Obama

Contraception Opponents Hail D.C. Court Ruling

WASHINGTON — Foes of the federal contraception mandate are cheering a Tuesday appeals court decision requiring the Obama administration to devise exemptions to the new rule for two Christian colleges.

They’re also buoyed by the D.C. Circuit Court’s reversal of lower court decisions to throw out their cases. The administration had argued that because it was crafting an exemption to the contraception rule, the cases should not go forward.

Now the cases continue, and every 60 days, the administration must report on its plan to ensure that the colleges do not have to comply with the new rule, which mandates that employers cover contraception in their health plans.

“This is a win not just for Belmont Abbey and Wheaton, but for all religious non-profits challenging the mandate,” said Kyle Duncan, general counsel of the Becket Fund for Religious Liberty, who argued the case.

Burn Your NRA Card

PAUL J. RICHARDS/AFP/Getty Images

Protesters marching with the social activist group CREDO for stronger gun laws. PAUL J. RICHARDS/AFP/Getty Images

President Obama addressed the nation on Wednesday morning to establish a commission led by Vice President Biden on stronger gun safety laws. Gone was the passion of his address at the interfaith service in Newtown and in place we have back the above-the-fray politician.

However, one point was clear. “If we are going to change things,” he said, “it is going to take a wave of Americans … standing up and saying ‘enough’ on behalf of our kids.”

Will Obama’s address beat the National Rife Association’s messaging strategy?  

On Friday, Dec. 21, the NRA will hold its first a press conference after the Newtown, Conn., massacre—and America’s first reasonable conversation on stronger gun laws will come to an end.

On Scripture: Who is He? Malachi 3:1-4

Who was Abraham Lincoln? You may get different answers depending on whom you ask. He is known as the Great Emancipator. He was a self-taught rural Kentuckyian. He was a husband and father. Also, he was a pragmatic politician. The new film, Lincoln, seeks to address this question by focusing on the political struggles for the passage of the Thirteenth Amendment to the U.S. Constitution in the last few months before Lincoln’s death.

... 
Recently, I saw the film Lincoln, and certainly, the parallels between Lincoln and President Barack Obama are easy to see. Played masterfully by Daniel Day-Lewis, Lincoln is a second-term president who attempts to pass major legislation through a partisan, lame-duck Congress during a time of deep divisions in the country. Newly reelected President Obama faces similar challenges. He is a second-term president who must contend with partisan politics while facing end-of-the-year spending and tax cuts in an increasingly polarized country. Furthermore, Obama has linked himself to Lincoln. For example, in 2007, then-Senator Obama announced his candidacy for president from Springfield, Ill., in front of the Old State Capitol as did Lincoln in 1858. Also, Obama used President Lincoln’s Bible at his swearing-in ceremony in 2008.

While it may be easy to see why some people would view the film in light of contemporary politics, Lincoln’s political context and Obama’s are quite different. Facile comparisons between Lincoln and Obama do both men a disservice since they serve in completely different contexts. The Civil War is not the war against terror. The abolition of slavery is not the fiscal cliff. After a point, our attempts to connect the characters and subject matter of the film Lincoln to current events seem rather forced.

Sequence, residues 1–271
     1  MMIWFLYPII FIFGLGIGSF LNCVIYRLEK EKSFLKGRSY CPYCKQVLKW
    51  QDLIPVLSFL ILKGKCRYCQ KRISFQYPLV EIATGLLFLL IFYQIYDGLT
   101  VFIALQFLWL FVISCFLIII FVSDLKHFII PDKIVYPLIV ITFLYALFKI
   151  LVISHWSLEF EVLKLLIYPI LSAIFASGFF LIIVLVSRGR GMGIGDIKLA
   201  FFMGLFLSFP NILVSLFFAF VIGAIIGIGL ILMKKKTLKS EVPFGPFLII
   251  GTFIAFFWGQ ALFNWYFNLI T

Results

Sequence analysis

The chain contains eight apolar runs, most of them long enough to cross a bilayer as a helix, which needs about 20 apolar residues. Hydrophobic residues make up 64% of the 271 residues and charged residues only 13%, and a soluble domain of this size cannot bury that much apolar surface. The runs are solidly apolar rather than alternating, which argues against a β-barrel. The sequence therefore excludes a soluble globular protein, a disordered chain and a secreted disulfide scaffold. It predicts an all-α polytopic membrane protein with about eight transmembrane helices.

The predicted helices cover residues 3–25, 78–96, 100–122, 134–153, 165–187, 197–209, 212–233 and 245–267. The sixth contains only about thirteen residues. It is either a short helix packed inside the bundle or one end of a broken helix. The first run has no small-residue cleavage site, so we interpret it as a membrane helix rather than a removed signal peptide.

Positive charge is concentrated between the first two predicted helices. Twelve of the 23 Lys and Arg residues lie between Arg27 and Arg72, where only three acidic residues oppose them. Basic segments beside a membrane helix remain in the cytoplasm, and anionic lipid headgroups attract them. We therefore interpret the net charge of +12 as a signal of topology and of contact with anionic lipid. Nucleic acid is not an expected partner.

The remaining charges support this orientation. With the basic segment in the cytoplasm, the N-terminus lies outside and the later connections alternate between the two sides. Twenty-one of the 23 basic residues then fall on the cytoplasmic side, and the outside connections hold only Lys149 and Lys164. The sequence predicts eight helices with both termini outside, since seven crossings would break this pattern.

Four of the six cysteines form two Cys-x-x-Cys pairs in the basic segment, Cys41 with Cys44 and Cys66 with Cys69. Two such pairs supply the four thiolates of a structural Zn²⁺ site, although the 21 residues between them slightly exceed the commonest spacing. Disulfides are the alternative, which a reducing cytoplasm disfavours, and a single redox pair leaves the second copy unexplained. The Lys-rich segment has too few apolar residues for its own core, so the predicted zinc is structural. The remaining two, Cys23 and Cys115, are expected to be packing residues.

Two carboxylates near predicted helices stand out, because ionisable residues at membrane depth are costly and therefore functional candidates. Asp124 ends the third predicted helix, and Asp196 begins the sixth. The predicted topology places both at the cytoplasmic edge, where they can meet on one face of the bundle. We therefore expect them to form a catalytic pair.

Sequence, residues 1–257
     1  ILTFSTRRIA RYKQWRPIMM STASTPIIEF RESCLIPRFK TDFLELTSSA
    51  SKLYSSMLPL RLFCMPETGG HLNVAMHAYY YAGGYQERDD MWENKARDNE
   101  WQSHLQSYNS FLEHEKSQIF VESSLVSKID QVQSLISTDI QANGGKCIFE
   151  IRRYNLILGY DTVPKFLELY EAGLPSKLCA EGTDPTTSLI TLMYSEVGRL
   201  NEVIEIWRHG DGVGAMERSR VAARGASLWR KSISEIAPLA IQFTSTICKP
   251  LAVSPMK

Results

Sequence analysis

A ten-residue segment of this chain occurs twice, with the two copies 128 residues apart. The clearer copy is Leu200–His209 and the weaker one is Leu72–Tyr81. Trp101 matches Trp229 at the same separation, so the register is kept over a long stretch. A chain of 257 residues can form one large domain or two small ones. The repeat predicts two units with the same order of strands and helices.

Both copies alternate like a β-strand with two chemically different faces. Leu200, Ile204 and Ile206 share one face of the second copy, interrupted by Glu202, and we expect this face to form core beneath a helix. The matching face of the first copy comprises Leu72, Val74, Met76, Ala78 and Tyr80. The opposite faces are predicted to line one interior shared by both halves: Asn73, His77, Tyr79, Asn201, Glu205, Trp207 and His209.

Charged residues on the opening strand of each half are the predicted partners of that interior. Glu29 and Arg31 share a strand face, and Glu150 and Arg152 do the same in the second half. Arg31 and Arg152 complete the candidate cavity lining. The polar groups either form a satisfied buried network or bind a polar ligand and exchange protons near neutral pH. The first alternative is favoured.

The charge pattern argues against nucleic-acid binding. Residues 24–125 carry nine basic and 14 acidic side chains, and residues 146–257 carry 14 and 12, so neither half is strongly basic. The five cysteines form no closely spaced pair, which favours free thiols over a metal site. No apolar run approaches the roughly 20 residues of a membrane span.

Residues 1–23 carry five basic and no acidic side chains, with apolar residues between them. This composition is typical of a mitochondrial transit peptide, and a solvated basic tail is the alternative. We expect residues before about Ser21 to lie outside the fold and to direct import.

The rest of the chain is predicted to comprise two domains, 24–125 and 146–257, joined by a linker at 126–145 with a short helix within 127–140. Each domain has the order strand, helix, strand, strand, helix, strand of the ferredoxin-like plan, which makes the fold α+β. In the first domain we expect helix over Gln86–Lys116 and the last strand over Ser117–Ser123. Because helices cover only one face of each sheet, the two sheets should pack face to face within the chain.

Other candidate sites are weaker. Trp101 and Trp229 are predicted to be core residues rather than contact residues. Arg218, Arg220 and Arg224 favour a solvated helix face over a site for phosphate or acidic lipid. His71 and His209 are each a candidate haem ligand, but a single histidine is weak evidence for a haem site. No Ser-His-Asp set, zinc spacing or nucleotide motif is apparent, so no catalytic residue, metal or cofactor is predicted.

Falling off the Fiscal Cliff: 5 Things You Need to Know

Image by Tim Teebken / Getty Images

Image by Tim Teebken / Getty Images

Now that the election is over, policymakers and the media have refocused their attention on the looming budget battles in Washington. In January, a variety of tax increases and spending cuts will go into effect unless Congress and President Barack Obama agree on a plan to avoid what has been deemed “the fiscal cliff.”

As the country braces for another fiscal showdown in the nation’s capitol, here are five things you need to know on the issue likely to dominate the news over the next several months. 

    Who Speaks for Catholics?

    Before the election, several bishops went so far as to threaten their parishioners with eternal damnation if they voted for Obama.

    Photo: Brandon Hook / Sojourners

    Jim Rice, editor of Sojourners magazine, has been a member of Sojourners editorial staff since 1989. He has also served as director of Sojourners Outreach Ministry and as coordinator of Sojourners Peace Ministry. He currently serves as a Research Fellow for the New Media Project at Christian Theological Seminary.

    Faith, Hunger, Politics, Chicken & Waffles: A Conversation Between Chris LaTondresse and Adam Phillips

    Adam Nicholas Phillips: Chris, tell us a little bit about yourself.

    Christopher LaTondresse: As the son of American evangelical missionary parents, I spent several formative years living in the former Soviet Union — Novosibirsk, Russia to be exact — smack dab in the middle of Siberia. My family is originally from Minnesota, so I was convinced that they were trying to find the one place on the planet colder than our home state to do missions work.

    Growing up as a missionary kid, my parents taught me to take my faith seriously, to take Jesus seriously, no matter what the cost. Their example — leaving the trappings of an American middle-class lifestyle behind to pursue something they believed in — sticks with me to this day. The major lesson: There are things in this life worth making exceptional sacrifices for, especially things close to the heart of God.Adam Phillips

    I guess this is really what informs who I am, and animates my work today. True, I’m not a full-time missionary, but I’ve tried to devote my life to playing a role, however small, in what God is doing in the world. For my parents this was about planting churches and, to use the language of the Navigators (the missions organization that sent them) “making disciples”. For me it’s about taking Jesus seriously when he said, “What you do unto the least of least, you do for me.”